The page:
Dual-Monitor Setups Are Ideal for Open Source Enthusiasts

by Sam Dean - May. 17, 2011Comments (0)

If you happen to work each day around other computer users, you've probably noticed that more and more of them have dual-monitor setups on their desktops. A closer analysis of this phenomenon reveals that certain kinds of users benefit most from having two monitors instead of one. Working with that idea, Computeworld has an interesting analysis posted on whether developers benefit disproportionately from dual monitors. In my experience, developers can definitely benefit from this setup, but so can open source enthusiasts who work in more than one desktop environment, and open source users who favor both of the leading open source browsers: Firefox and Google Chrome. Here is why you should investigate a two-monitor lashup if you haven't already.

I made the switch to two desktop monitors a few years ago, and I will never switch back. Except when I am using a laptop on a mobile basis, I always work with two monitors. The efficiency benefits of a dual-monitor setup are immediately apparent. For example, I like to run both Firefox and Google Chrome as my browsers--Firefox for use with extensions, and Chrome for sheer surfing speed. I often have both browsers up on dedicated monitors at the same time--a huge productivity boost.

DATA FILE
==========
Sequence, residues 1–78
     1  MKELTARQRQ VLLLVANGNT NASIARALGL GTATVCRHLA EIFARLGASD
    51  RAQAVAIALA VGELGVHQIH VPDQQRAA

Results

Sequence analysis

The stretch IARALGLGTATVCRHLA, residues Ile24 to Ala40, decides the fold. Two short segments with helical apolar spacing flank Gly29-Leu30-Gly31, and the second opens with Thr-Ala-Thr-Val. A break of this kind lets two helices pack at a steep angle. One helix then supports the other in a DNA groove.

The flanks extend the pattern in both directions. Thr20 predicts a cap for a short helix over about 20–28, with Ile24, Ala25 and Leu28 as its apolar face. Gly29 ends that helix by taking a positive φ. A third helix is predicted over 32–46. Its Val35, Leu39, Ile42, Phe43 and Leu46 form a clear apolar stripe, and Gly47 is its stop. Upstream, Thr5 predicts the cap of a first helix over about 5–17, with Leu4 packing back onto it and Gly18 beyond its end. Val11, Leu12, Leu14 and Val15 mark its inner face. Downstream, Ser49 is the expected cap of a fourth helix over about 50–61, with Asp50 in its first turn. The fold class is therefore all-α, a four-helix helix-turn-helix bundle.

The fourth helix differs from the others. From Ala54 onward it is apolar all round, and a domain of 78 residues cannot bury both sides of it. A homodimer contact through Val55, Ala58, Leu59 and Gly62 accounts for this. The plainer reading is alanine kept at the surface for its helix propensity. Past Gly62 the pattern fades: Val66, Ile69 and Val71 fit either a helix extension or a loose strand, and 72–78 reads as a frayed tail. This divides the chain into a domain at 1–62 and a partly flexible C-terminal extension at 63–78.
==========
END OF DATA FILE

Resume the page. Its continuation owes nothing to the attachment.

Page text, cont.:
Writers, too, can strongly benefit from a dual-monitor arrangement. Writing doesn't just consist of staring at a blank page and trying to fill it with words. Writers are constantly accessing information from external sources and sifting messages from those sources. With two monitors, you can view what you're writing and what you're researching concurrently.

I'm also running into more FOSS users who run two desktop environments together, such as Linux and Mac OS. Here again, if you do this and you're not using two monitors, try a dual-monitor setup. It's boosts productivity and ease of computing tasks exponentially, and there are also useful open source tools to optimize your dual-monitor experience. 

One of our readers here at OStatic has also pointed out that you don't have to stop at two monitors. Check out his four-monitor setup in this photo gallery, which he calls MEGADESK. How nice is that?

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